Jennifer Mendez, Ph.D., Assistant Professor, Wayne State University School of Medicine, firstname.lastname@example.org
Barbara LeRoy, Ph.D., Director, Developmental Disabilities Institute, Wayne State University, B_Le_Roy@wayne.edu
Edward F. Ansello, Ph.D., Director, Virginia Center on Aging, Virginia Commonwealth University, email@example.com
The following blog post was written by the authors and originally posted in the Spring/Summer 2013 Newsletter of the Association for Gerontology in Higher Education.
The population of people over the age of 60 worldwide is forecast to reach 1.5 billion by 2050 (Global Health and Aging Report 2011). Similarly, the World Health Organization and the World Bank estimate that there are over one billion people with disabilities, variously defined, throughout the world. Additionally, many individuals with disabilities can now expect to live nearly as long as their peers without disabilities, increasing the diversity within aging populations. The greater longevity of these populations will present unprecedented opportunities and challenges for families, communities, businesses, governments, and, of course, higher education. Increases in populations of adults with lifelong disabilities, as well as the increased life expectancies of adults with late onset disabilities, will result in greater numbers of individuals with chronic health conditions, such as diabetes, cardiovascular disease, cancer, and mental health disorders, and have implications for family and community care providers. Consequently, this dual phenomenon of global aging and increased longevity for individuals with disabilities demands a significant emphasis on public health and education.
Recent changes in federal agencies and programs are bringing aging and disability sectors together. For example, Health and Human Services has combined the Office of Aging and the Administration on Developmental Disabilities into the Administration for Community Living. This new title also reinforces the national vision of individuals being able to live within the community with supports and services throughout their lifespan. Similarly, Centers for Medicaid and Medicare is funding demonstration projects to integrate disability and aging health and community services into managed care programs.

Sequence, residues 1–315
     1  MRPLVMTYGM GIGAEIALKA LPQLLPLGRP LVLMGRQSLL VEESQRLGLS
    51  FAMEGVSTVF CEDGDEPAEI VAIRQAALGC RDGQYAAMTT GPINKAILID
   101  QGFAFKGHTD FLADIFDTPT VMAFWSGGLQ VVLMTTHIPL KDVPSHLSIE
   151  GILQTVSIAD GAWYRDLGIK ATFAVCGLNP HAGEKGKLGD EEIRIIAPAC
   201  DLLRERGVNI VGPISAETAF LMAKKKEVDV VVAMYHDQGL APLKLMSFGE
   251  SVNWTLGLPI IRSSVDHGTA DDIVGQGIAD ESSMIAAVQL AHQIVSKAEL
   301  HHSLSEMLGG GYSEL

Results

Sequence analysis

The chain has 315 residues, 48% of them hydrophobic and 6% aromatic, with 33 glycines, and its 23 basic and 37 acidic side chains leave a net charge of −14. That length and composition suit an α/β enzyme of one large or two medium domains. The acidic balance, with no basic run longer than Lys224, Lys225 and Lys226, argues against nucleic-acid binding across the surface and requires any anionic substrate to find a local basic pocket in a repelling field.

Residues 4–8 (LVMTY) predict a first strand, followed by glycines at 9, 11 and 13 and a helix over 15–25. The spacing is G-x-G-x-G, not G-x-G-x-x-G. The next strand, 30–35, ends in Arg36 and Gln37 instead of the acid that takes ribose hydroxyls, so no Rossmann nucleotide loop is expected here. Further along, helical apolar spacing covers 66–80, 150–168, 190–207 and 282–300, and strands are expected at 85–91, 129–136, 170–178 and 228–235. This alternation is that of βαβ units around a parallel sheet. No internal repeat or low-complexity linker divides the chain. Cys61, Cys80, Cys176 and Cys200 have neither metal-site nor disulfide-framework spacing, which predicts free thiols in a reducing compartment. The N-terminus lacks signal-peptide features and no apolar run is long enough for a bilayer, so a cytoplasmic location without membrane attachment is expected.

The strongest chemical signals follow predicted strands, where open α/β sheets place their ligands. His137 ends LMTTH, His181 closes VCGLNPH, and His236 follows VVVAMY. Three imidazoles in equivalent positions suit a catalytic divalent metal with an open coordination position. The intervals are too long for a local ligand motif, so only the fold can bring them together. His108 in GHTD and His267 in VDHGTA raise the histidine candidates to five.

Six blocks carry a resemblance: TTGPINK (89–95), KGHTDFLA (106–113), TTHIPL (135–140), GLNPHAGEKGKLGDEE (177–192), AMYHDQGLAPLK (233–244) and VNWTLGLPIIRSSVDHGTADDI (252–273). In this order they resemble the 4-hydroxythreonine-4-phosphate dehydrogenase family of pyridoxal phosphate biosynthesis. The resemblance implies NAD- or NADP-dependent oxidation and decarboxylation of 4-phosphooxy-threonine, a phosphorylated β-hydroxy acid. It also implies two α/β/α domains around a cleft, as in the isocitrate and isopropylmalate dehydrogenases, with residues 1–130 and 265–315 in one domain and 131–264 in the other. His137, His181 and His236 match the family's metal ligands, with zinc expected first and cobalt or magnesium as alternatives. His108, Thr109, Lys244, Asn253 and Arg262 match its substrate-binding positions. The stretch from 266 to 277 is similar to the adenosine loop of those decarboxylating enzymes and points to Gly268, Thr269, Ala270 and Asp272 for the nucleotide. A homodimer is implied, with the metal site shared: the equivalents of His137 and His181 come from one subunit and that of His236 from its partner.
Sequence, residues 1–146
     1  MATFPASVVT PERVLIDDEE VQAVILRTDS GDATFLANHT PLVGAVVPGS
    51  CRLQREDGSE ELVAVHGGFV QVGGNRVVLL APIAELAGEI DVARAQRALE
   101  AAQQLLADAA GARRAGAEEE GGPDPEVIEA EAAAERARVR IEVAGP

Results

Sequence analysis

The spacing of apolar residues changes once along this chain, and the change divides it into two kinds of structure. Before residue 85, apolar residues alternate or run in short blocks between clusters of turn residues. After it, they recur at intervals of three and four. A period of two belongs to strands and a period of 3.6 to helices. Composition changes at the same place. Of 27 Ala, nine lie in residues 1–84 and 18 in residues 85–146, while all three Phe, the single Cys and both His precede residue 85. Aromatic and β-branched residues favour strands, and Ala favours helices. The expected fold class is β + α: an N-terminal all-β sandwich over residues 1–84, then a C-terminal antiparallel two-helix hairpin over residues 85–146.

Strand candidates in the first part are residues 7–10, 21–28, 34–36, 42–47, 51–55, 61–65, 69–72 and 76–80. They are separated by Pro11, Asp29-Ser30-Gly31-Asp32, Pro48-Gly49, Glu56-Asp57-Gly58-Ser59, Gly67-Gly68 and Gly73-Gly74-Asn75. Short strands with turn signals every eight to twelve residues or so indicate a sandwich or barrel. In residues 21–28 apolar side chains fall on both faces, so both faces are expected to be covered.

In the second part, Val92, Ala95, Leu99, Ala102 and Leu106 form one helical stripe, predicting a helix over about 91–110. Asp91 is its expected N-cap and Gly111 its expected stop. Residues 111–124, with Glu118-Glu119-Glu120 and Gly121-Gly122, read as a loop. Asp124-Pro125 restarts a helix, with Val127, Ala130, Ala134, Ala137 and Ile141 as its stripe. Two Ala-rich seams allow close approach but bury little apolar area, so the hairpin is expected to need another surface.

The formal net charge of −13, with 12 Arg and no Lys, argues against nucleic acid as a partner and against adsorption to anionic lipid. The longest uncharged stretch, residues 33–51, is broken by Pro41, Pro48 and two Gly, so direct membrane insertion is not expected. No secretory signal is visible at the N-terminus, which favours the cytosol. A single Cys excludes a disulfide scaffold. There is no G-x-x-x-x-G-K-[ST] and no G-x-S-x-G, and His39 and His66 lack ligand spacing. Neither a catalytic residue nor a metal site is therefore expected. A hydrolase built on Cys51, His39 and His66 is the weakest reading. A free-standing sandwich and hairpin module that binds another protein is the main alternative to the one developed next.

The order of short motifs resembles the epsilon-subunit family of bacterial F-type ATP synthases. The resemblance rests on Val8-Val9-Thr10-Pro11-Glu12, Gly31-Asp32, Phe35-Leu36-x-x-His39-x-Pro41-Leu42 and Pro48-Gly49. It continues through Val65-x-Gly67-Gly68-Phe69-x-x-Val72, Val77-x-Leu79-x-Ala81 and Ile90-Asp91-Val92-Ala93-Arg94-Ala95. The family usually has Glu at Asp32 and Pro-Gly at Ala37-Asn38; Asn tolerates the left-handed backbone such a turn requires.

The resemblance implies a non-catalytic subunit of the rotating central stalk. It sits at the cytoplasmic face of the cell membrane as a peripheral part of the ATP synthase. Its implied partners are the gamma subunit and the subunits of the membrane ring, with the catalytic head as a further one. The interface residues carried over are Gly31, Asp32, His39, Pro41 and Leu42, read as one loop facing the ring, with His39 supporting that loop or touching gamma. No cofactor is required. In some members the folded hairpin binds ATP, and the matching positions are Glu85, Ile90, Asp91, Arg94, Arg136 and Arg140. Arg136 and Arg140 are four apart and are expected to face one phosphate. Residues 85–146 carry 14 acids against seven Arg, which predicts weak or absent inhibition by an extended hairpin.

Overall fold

These population, policy, and practice changes will require new professionals who have been well trained in an interdisciplinary approach to service provision across aging and disability populations to meet the care giving needs. This offers an opportunity for AGHE to take the lead in developing thoughtful curriculum responses to these opportunities. Core values to be transmitted to these professionals through a new aging and disabilities curriculum should include appreciation of heterogeneity; health and well-being; community inclusion and participation; choice and self-directed long term supports and services; income security; and sustained relationships. Related to these values, training should focus on the providers and societies to meet the needs of populations aging with and aging into disability; preventing and managing
age- and disability associated secondary conditions and chronic diseases; designing sustainable policies to support healthy aging and community-living as well as long-term and palliative care; identifying strategies to address the strains on pension and social security systems; preparing age- and disability-friendly services and settings, and fostering meaningful relationships within extended communities.